Children's Healthcare of Atlanta uses many different imaging tests to uphold the mission of providing excellent patient care. One of those tests is functional magnetic resonance imaging (fMRI). Using a strong magnetic field, the fMRI takes real-time photos of the brain's activity. While being scanned, patients will be asked to perform simple tasks, such as reading, thinking or just moving a body part.
Multi-subject fMRI data is critical for evaluating the generality and validity of findings across subjects, and its effective utilization helps improve analysis sensitivity. We develop a shared response model for aggregating multi-subject fMRI data that accounts for different functional topographies among anatomically aligned datasets. Our model demonstrates improved sensitivity in identifying a shared response for a variety of datasets and anatomical brain regions of interest. Furthermore, by removing the identified shared response, it allows improved detection of group differences. The ability to identify what is shared and what is not shared opens the model to a wide range of multi-subject fMRI studies.
3D model of my brain using fMRI scans.
Where exactly are the words in your head? Scientists have created an interactive map showing which brain areas respond to hearing different words. The map reveals how language is spread throughout the cortex and across both hemispheres, showing groups of words clustered together by meaning. The beautiful interactive model allows us to explore the complex organisation of the enormous dictionaries in our heads. Explore the brain model for yourself here: http://gallantlab.org/huth2016 Read the paper here: http://www.nature.com/doifinder/10.1038/nature17637 28th April 2016
The application is part of my master thesis of the Sound and Music Computing master's degree. The fMRI player application helps to explore multivariate data coming from the brain by means of data reduction, visualization and sonification.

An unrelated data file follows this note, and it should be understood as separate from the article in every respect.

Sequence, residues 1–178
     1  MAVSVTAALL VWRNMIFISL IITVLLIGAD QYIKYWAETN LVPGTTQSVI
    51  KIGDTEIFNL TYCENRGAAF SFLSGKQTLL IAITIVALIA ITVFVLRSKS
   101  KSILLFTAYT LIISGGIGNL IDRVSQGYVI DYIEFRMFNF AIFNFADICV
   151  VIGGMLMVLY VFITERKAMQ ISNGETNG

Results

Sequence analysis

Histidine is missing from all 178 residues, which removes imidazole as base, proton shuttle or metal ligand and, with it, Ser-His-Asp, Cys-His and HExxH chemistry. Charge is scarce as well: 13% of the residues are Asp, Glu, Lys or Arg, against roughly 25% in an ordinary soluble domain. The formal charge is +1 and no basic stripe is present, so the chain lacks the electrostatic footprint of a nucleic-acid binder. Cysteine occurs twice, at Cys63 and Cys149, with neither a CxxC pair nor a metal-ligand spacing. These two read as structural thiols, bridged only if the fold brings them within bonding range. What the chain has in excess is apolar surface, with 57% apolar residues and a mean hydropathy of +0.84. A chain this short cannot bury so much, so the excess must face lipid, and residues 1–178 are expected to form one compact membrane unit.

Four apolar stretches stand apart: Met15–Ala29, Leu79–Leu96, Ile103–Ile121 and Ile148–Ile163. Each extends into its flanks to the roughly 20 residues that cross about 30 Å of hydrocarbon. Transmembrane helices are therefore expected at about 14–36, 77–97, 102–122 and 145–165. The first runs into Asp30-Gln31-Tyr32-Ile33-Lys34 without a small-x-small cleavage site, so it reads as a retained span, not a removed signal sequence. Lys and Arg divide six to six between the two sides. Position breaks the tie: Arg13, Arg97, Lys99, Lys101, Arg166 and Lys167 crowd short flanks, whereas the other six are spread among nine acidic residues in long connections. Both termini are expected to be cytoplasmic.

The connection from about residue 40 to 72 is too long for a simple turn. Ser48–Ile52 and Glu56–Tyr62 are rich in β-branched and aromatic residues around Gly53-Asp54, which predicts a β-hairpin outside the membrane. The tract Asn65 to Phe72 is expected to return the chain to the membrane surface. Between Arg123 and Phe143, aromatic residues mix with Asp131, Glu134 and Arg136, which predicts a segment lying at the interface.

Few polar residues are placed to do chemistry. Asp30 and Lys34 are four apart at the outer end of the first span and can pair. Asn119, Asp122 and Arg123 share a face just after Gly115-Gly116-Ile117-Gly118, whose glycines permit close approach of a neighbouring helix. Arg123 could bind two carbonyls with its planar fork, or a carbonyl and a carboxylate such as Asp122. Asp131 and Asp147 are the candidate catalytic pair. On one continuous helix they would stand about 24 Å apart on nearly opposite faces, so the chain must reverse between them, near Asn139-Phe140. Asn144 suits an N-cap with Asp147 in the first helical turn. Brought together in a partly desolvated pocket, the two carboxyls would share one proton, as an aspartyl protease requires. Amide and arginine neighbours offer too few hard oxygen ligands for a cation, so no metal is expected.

Elizabeth Norton, Ph.D. Using simultaneous EEG-fMRI to characterize human face processing in space and time A key feature of the human social brain is its specialized ability to process faces. EEG and fMRI brain imaging studies have yielded conflicting results about whether the brain's response to faces is qualitatively or quantitatively different in individuals with autism spectrum disorders (ASDs). Here, I present data from a study using simultaneous EEG-fMRI to relate the EEG/ERP time course of face processing to the associated fMRI activation in adults with and without ASD. This approach is novel in its focus on relationships between multiple brain measures and behavioral indices. Taken together, these technologies can shed new light on the brain's specialized processing of faces in AS...
Kinesio induced changes in cortical activation by EDF pplication in right hand.
Part 2 of the eighteenth lecture from the class BCS 513 Introduction to fMRI: Imaging, Computational Analysis and Neural Representations, in the Department of Brain & Cognitive Sciences at the University of Rochester. http://www.bcs.rochester.edu/ Instructor: Prof. Rajeev Raizada. http://raizadalab.org